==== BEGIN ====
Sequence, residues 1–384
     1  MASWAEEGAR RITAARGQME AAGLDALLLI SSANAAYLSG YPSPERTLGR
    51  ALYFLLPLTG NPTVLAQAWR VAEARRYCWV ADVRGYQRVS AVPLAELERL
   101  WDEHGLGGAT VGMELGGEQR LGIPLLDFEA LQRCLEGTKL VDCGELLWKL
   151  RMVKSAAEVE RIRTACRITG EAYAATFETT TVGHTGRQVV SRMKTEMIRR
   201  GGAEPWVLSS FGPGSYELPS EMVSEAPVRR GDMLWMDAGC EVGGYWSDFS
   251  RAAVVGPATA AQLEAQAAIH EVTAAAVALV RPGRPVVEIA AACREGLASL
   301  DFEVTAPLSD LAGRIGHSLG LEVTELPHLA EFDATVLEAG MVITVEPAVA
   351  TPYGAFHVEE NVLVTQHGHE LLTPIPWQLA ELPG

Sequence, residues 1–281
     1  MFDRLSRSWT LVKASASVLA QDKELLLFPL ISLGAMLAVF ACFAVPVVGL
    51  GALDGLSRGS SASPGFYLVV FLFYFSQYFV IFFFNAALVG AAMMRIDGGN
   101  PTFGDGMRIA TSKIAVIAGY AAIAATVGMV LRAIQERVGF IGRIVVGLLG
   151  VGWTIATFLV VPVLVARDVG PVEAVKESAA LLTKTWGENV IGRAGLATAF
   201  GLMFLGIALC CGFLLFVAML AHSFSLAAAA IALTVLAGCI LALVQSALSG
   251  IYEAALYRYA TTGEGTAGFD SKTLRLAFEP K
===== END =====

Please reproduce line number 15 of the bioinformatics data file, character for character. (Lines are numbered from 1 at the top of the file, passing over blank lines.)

   201  GLMFLGIALC CGFLLFVAML AHSFSLAAAA IALTVLAGCI LALVQSALSG